The OTS scenario for this iteration centered on an interactive battle against a cyber adversary attacking the Sokovian town, specifically its port and the facility's Industrial Control Systems (ICS).

The town -- the MUTC complex - is a facility built on the complexities of a modern city to provide training on complex terrain with a human signature, said Lt. Col. Chris Mabis, the MUTC commander.

Mabis described the center as a full-size replica of six blocks of a megacity that contains features such as an embassy, oil refinery, shanty town, school, farm, hospital, radio station, water treatment plant, subway and bus stations, housing, prison, and more. The facilities are real buildings with electricity, water and furnishings, where effects such as smoke, flames and water can be employed to add realism to training events. However, the actual port employed for this training iteration was a tabletop model built to mirror the networks and ICS of a full-size facility.

MUTC also functions as "Cybertropolis," an advanced urban cyber testing and training environment that boasts 70 structures wired with fiber optics to bolster exercises, Mabis said. These supported an array of cyberspace assets used during OTS to replicate those found in real cities -- city, base and port networks; Internet providers, social media networks, websites, retail stores, and random online traffic designed to mimic the "fog of war" in the cyber domain.

"The training that cyber operators execute here at Muscatatuck is a powerful replication of real-world operations and is closely tied with ARCYBER's exercises across the information environment and cyber-electromagnetic domain," said ARCYBER Deputy Commanding General (Operations), Brig. Gen. Rick Angle. "The convergence of cyber and kinetic operations in this complex training environment challenges, educates and strengthens the readiness of our Total Army cyber team."

MUTC, along with the Indiana Guard's training facilities at nearby Camp Atterbury, provides an extensive complex for multi-domain training.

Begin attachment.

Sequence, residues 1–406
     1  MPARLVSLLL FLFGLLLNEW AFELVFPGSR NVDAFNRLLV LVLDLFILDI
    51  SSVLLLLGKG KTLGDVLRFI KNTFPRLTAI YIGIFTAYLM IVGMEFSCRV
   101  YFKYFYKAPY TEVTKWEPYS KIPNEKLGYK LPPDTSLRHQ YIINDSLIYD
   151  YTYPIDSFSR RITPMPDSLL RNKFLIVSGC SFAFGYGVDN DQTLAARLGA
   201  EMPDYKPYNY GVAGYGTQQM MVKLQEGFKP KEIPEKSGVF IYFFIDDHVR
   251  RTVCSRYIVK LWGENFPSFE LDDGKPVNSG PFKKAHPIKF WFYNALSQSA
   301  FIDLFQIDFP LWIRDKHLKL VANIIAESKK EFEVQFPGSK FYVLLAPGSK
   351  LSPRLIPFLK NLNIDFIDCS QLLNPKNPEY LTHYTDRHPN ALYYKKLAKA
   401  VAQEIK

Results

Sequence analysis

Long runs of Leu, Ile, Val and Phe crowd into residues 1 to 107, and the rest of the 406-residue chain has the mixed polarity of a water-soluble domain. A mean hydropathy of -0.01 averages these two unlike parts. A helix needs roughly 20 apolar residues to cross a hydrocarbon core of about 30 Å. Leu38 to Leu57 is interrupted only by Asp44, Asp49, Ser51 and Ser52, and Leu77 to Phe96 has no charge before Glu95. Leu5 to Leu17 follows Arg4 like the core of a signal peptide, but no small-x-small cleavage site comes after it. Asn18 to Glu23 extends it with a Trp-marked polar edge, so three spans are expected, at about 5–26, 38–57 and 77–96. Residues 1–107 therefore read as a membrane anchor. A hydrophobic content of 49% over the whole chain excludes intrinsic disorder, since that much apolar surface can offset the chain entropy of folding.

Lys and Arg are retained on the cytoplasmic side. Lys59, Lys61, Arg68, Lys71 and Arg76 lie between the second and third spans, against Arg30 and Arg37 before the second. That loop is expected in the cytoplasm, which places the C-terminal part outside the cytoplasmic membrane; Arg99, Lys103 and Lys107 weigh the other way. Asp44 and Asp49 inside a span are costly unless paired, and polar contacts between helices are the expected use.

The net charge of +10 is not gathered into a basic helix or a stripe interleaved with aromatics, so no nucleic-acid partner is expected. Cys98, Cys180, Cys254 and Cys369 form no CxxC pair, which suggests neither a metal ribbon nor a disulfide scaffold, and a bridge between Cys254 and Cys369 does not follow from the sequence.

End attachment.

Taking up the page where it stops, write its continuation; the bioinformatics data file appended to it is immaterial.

"Atterbury-Muscatatuck is a platform that offers all services the ability to train in the air, land, sea, cyber and space domains to enhance readiness in preparation for a near-peer competitor battle," said Maj. Gen. Courtney P. Carr, The Adjutant General of Indiana. "MUTC offers the most realistic cyber environment in DoD for Cyber Support to Corps and Below."

The defender of the town -- the "blue team" -- was made up primarily of members of the 154th and 155th CPTs. Opposing them was a "red team" comprised of experts from SANS and additional CPT members. SANS and CPT personnel also enabled and facilitated exercise activities as an operations team and "white team."

Red team actions were based on real-world activity and actual tactics and techniques used by nation-state actors, and allowed attackers to escalate their efforts and respond to events in real time based on blue team activity, explained SANS fellow Ed Skoudis. Defenders were challenged to use multiple tools to detect and counter a variety of attempted attacks and strategies to secure networks, establish or re-establish control of systems and services, restore lost and degraded services and enable local defenders. To meet those objectives they fought their way through an array of red team tactics such as antivirus evasion, network enumeration, ransomware, client-side attacks, pivoting, exploitation of network services, privilege escalation, domain attacks and attacks against ICS such as remotely seizing control of the port's cranes to disrupt operations.